HX270S VHF Radio

The Standard Horizon HX270S VHF radio seems to be a good radio for the price (128.00 on internet) to me. Can any one comment on this radio in regards to dependablity? Feel free to make any other good, bad, or indifferent comments! Thanks.

Go with Icom
Either the M88 or the M1v. This subject has been cover very well so do a search.—Rich

The M1V and M88 are rugged, reliable performers.

I have no experiences with the HX270, but I’ve had five HX460’s fail and know of literally dozens of other failures. While they stand by their warranty and their staff is very helpful, their service is painfully slow (figure on 6+ weeks turnaround). I won’t trust Standard Horizon again until their products prove themselves.

I have one and this will be my 3rd
season with it.

The HX270 is a relatively new model
IIRC, it only came out last year. Do you perhaps have an HX260? They’ve been out for quite a while.

Has anyone heard anything about the Raymarine Ray101? From what I understand is that the same level of water proofness as the Icom M88, it has a softer antenna, and takes AA batteries. The Ray101 is not as small as the M88, but the price is almost half. Just curious.


Claims to be fully submersible
It does claim to be fully submersible, does this mean level 8? Any one tried one?


– Last Updated: Apr-04-05 10:42 AM EST –

The Ray101 seems to have the IPX7 rating (=European name for JIS7) which means:
The unit can withstand accidental immersion in one meter of water for up to 30 minutes.

I have never seen a VHF radio that is rated better than 7 in a normal store. Are there any out there at reasonable prices?

let check tonight

Your rigth it is the 260 sorry

thanks i wondered if that was it

– Last Updated: Apr-05-05 7:22 AM EST –

Thank you, I wondered if the fully submersible was not accurate.

I went to raymarine site you are right ipx 7 only. 8 is submersible.

Also, NiMh batteries NOT lithium ion. This is good and not good.


Yes, I fully agree. NiMH is good and not good at the same time. The fact that NiMH gives you less hours of operation is the downside. However, with AA size NiMH batteries you can easily bring back-ups on longer trips. Also, many are unaware of the fact that Li-Ion batteries too have a limited lifetime. Some say 2-3 years after the first charge, perhaps it is longer but still. And to buy a new Li Ion battery for a VHF radio is very expensive. And, NiMH AA batteries keep getting better every over the years. Today you can pick up 2300 mAh (=very powerful) AA NiMH at your local pharmacy. Who knows, in a few years you might get 4000 mAh or so in AA size.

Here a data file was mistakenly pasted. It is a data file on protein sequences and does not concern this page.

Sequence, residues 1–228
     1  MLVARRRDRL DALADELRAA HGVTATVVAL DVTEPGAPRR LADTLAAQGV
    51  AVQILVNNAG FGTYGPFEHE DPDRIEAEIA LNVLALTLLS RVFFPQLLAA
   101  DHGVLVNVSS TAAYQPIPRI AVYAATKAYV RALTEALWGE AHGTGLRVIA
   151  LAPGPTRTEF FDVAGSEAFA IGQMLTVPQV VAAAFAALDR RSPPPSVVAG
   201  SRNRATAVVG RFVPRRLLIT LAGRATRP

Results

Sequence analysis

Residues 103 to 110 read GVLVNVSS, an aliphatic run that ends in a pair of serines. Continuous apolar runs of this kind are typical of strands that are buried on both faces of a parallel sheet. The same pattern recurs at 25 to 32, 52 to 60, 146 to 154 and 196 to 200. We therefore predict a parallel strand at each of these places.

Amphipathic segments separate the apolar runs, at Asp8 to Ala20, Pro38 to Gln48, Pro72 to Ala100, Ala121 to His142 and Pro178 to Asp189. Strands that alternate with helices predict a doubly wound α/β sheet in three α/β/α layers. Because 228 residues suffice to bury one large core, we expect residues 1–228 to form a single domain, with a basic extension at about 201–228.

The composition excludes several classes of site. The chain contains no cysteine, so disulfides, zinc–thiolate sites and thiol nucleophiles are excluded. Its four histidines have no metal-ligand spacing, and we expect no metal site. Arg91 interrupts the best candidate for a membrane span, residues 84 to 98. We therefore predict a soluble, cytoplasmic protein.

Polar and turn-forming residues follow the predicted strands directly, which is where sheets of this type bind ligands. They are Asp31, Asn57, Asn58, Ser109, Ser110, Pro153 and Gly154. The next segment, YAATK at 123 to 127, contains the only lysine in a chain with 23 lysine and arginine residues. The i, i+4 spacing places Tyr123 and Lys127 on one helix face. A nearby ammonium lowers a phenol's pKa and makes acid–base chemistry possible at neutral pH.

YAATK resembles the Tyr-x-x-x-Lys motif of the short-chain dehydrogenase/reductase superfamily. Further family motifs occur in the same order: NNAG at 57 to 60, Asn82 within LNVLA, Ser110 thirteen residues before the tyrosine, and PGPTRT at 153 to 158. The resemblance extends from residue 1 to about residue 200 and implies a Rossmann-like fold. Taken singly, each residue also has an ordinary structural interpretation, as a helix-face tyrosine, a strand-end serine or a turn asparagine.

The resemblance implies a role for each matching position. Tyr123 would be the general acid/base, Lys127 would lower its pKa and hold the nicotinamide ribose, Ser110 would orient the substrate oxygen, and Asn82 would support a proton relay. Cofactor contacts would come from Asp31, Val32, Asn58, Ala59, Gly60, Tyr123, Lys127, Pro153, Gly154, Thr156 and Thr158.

Rechargeable battery life…
…is usually measured in charge cycles, not time. I’d be very surprised to see a lithium ion battery fail in three years if it’s not going though many charge cycles. If find that I only need to charge my VHF month or two, so it’s unlikely to get anywhere near it’s charge cycle limit within a decade, let alone within 3 years.

Batteries are confusing…

– Last Updated: Apr-08-05 7:21 PM EST –

I also think that LiIon technology is superior to any other battery technology today. No doubt about it!

However, no battery techonlogy is perfcet as we all know. I had read that a LiIon battery lifespan was in the order of 2-3 years. I do agree that it sounds very short and I can neither confirm nor deny it myself. The difficult thing here I think is that we do not notice the change since it is gradual. With a 20-hour battery we might be happy if we only get 10 hours after a few years. I only think that LiIon batteries are very expensive today. That is why I posted my comment regarding this technology.

The source for my information was the book "Batteries in a Portable World" (http://www.buchmann.ca/Article5-page4.asp). Here is an exerpt from the book:

"A typical life of a Li-ion is 300-500 discharge/charge cycles or two years from time of manufacturing. The loss of battery capacity occurs gradually and often without the knowledge of the user."

Another source put it like this:

"Aging of lithium-ion is an issue that is often ignored. Lithium-based batteries have a lifetime of 2-3 years. The clock starts ticking as soon as the battery comes off the manufacturing line. The capacity loss manifests itself in increased internal resistance caused by oxidation".